We're confident that he'll become an accomplished shooter, it's just a matter of him letting things come to him. He must sharpen his form as much as possible, improve his shot selection and avoid forcing shots or pressing too hard offensively.
Young himself knows that when he strays from a regular motion, things go awry. He discussed the issue with Mike DeCourcy of The Sporting News: "It’s just, I try to switch up my form sometimes. That’s what throws off my shot."
Lastly, defense has been a weakness for Young more than Kentucky fans would like this season. He's made some lapses as a transition defender, which is inexcusable, and he's been burned too often against high-caliber playmakers. In addition, he's been out of position as a weakside helper on several occasions.
Someone with his physical tools should be more effective on that end of the floor, as he plucks only 0.9 steals per 40 minutes. Young demonstrates poor judgement from a positioning standpoint, as he's often too worried about sticking with his man. As a result, he gets beaten by both his man and other drivers throughout a given game.
It's going to take a lot of intense training and time for him to become dependable in that area.
NBA Role and Draft Outlook
For much of the year, Young was viewed as an elite prospect just outside of the high-lottery group. His size and potential are exciting, but it's become evident that he doesn't have enough all-around firepower to warrant a top-10 selection. NBA executives want a standout player or preferably a star with their top-10 pick, and he doesn't give teams enough assurance.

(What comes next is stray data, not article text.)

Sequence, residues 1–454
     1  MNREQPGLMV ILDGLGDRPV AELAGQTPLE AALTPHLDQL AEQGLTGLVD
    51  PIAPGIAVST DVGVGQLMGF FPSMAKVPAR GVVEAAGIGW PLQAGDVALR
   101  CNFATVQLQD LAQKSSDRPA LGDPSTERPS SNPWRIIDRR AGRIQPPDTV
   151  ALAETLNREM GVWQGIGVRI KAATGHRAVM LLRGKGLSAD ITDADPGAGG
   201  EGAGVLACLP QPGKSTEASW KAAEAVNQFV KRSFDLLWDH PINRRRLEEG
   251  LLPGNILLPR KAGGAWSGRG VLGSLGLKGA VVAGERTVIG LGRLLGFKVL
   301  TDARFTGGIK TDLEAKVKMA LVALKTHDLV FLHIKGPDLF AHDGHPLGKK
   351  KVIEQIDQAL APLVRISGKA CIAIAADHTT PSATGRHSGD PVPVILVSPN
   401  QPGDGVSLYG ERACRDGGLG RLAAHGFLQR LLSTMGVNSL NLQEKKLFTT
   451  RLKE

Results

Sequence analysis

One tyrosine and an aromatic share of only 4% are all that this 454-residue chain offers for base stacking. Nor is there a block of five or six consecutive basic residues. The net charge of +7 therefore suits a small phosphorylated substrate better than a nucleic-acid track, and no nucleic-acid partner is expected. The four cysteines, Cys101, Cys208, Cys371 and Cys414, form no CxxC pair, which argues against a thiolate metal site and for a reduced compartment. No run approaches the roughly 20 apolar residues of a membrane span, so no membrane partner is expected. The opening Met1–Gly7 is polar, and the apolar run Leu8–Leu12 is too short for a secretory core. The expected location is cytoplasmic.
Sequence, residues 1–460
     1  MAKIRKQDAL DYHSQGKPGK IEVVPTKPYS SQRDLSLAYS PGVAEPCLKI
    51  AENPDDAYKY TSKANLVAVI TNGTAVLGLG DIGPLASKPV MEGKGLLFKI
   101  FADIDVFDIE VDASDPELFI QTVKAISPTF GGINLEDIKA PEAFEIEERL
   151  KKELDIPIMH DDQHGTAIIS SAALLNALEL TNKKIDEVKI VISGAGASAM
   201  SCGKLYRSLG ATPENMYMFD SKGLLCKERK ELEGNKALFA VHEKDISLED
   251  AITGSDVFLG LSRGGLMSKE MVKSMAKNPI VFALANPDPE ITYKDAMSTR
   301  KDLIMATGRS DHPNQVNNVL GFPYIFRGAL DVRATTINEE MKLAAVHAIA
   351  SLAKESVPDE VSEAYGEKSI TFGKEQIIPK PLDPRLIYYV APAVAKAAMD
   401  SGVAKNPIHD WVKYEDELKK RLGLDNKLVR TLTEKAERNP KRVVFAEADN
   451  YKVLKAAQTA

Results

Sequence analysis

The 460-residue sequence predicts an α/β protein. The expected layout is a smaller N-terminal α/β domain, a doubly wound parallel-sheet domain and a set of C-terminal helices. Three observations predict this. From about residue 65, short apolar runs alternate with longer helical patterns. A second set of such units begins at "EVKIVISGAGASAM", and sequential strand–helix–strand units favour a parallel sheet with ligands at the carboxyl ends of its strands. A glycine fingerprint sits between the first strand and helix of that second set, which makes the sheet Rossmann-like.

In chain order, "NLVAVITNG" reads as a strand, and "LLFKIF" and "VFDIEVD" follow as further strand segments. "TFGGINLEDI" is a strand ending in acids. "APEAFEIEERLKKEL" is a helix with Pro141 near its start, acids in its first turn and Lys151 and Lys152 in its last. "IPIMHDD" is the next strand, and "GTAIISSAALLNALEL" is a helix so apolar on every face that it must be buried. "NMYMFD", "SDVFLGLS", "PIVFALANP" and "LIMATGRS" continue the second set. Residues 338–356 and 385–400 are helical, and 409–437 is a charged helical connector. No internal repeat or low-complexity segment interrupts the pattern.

That being said, Young could develop into a fluid secondary scorer on the right team, given his shooting promise and slashing potential. His length on the wing will match up favorably against most teams, so he'll be able to fill the hoop up as a role player.
When he enters the Association, he's probably going to struggle to earn playing time simply because he's raw. If he improves his handle and becomes more efficient on both ends, he could become a third or fourth scoring option within a few years.
Ultimately, Young's 6'11" wingspan, above-average athleticism and long-range upside will earn looks from mid-first round teams. I'd be surprised if he was taken somewhere outside of the 15-25 range.
*Wingspan measurement from DraftExpress.com
Dan O'Brien covers the NBA Draft for Bleacher Report.
Follow him on Twitter: @DanielO_BR